Hall trial update: Remains tell grisly tale of death, dismemberment

Editor's note: This story contains graphic details that some readers may find upsetting.

This story has been modified from its original version to reflect that investigators found 14 bags containing human remains - not 15 - in September 2011.

SPRINGFIELD -- The first thing police found was a severed human arm.

Massachusetts State Police Sgt. Christopher Meiklejohn told the jury in Adam Lee Hall's murder trial about the excavation of a freshly disturbed trench on the property of Daniel Cole in Becket.

On Sept. 9, 2011, police investigators learned from David Casey where to look for the bodies of three missing men who had disappeared nearly two weeks earlier from an apartment on Linden Street in Pittsfield.

Testifying on Thursday in Hampden Superior Court, Meiklejohn said police arrived at the property about 7 p.m. that night and located a muddy area that looked like it recently had been disturbed. After a cadaver dog was used to help pinpoint the area, investigators aerated the ground, and a "fatty substance" bubbled up to the surface.

After putting the site under guard, they returned the next morning and began excavating the area.

They initially began shoveling out the ground and sifting through it for evidence, but eventually an excavator had to be brought in. Underneath a large slab of rock, investigators found 14 large garbage bags containing human remains. On top of one of them they found a human arm, said the sergeant.

The bags were sent to the Office of the Chief Medical Examiner in Boston, he said.

Once there, Dr. Jennifer Hammers, a forensic pathologist, examined the remains.

She told the jury Thursday that all three of the men had been dismembered -- their heads, arms and legs removed from their torsos -- and that Frampton and Chadwell had long deep wounds running up their midsections. All three had been shot. Glasser had three bullet wounds, Frampton had five and Chadwell had two gunshot wounds. The men had stab wounds on various parts of their bodies. Frampton had a wound so deep in his back it had cut his spinal cord. They also showed signs of blunt force trauma.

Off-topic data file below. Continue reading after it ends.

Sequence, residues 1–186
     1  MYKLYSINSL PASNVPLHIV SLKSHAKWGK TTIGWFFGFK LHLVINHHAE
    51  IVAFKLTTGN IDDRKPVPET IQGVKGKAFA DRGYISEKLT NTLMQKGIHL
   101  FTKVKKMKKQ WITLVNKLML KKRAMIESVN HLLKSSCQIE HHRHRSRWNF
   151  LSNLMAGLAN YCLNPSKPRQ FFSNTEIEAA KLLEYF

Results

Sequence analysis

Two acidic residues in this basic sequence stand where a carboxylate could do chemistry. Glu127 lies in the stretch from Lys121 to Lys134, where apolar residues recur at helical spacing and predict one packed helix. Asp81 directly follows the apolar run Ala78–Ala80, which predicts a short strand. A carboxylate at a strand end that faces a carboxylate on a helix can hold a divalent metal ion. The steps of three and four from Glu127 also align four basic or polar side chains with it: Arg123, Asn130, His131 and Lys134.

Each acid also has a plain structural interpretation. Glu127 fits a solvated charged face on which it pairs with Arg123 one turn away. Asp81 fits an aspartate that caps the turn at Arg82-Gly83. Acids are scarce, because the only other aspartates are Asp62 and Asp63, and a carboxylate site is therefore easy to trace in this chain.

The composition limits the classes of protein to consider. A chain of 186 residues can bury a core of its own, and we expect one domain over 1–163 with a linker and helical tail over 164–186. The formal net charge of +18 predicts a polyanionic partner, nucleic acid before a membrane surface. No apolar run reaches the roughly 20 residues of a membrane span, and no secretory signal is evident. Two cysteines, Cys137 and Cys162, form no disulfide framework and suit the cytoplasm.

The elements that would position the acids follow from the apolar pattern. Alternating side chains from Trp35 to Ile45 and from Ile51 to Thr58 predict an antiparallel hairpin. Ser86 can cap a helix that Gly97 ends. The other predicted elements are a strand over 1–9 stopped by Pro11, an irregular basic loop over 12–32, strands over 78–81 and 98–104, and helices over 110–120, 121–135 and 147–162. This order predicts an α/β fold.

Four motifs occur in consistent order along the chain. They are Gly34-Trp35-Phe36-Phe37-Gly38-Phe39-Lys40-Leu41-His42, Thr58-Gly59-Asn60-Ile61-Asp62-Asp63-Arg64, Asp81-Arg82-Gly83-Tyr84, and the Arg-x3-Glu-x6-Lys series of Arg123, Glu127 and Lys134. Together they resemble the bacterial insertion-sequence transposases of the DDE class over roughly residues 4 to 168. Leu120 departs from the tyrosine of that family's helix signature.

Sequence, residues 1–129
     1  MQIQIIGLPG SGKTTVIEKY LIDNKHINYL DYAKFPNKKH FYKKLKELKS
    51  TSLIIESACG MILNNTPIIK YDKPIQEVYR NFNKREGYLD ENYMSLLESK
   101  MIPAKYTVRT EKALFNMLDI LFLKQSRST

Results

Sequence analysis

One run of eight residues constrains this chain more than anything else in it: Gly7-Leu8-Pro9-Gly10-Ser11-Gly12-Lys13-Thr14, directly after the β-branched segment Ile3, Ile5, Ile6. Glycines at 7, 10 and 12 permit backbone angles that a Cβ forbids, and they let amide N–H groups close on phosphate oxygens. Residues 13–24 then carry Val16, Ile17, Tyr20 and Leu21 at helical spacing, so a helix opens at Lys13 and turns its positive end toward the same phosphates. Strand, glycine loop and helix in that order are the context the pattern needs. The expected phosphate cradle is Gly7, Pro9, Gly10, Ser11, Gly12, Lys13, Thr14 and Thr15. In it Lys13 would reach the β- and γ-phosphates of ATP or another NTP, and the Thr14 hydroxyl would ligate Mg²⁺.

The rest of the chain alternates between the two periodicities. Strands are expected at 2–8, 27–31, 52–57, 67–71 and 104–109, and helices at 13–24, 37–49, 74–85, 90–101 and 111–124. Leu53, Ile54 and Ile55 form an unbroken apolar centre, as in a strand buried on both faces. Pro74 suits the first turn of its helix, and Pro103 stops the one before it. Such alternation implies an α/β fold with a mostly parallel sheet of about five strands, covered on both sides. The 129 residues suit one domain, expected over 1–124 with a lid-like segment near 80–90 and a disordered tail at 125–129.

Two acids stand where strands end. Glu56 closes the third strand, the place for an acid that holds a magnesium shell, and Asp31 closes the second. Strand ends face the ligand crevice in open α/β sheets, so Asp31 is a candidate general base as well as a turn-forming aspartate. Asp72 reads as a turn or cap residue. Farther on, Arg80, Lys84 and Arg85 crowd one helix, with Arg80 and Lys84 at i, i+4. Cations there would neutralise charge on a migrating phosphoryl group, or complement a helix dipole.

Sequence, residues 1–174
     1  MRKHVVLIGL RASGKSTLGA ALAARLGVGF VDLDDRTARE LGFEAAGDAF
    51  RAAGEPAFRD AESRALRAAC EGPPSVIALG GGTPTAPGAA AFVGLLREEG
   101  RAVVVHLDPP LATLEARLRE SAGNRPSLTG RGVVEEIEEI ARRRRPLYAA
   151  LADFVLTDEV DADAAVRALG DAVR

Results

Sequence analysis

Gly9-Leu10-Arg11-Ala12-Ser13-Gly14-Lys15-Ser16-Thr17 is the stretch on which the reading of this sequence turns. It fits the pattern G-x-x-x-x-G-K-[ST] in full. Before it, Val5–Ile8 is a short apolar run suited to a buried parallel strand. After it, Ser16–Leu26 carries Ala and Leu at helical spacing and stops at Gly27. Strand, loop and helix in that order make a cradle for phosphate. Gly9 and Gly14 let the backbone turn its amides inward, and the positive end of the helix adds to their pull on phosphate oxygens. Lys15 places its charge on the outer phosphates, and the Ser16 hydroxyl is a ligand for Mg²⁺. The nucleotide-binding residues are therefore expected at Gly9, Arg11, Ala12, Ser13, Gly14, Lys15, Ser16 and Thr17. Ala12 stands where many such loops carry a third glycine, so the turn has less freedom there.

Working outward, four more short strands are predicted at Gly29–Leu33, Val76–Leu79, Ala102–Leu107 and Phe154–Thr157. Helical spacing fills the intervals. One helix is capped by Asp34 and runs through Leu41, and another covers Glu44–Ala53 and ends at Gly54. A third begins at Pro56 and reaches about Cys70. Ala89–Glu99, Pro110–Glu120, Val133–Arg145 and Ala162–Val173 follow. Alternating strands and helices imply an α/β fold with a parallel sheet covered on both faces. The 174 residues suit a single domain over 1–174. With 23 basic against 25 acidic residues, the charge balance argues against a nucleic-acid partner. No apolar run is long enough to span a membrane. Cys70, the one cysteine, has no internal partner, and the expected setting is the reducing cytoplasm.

Hammers said because of the variety of wounds and the level of decomposition she was unable to say with certainty which of the injuries actually killed the men. She said she listed the cause of death as "homicidal violence," and listed the contributing wounds.

Under cross-examination by Hall's attorney, Alan J. Black, Hammers said she was unable to say which of the wounds were made before or after death. She said this too was due to the decomposition.

Thursday also saw testimony about a car prosecutors allege Hall and his codefendants used to move the bodies that Casey admitted helping to bury at Cole's property on Aug. 29, 2011.

According to Henry Sayer, the owner of a Lanesborough salvage yard on Potter Mountain Road, Hall brought a gold-colored Buick to be junked that afternoon.

Casey testified Wednesday that this was the car in which the men's remains had been kept before they were buried.

Jason Hassan Sr., who was the Sayers employee who handled the transaction, said the Buick's dashboard had been stripped, the front seat was soaked in water and "the back seat was missing -- no rugs in the back at all. ... It was down to the bare metal." The trunk likewise was down to the bare metal, he told the jury.

He said the car seemed to be running OK.

Under cross-examination, Hassan said he had never seen the Buick before and didn't know what its condition was before being brought in.

The hood was bent up a little and the front fender was dinged, he says.

He said it's not unusual to take the seats out of a car before being scrapped and that Hall had done business there before.

The trial continues Friday morning.


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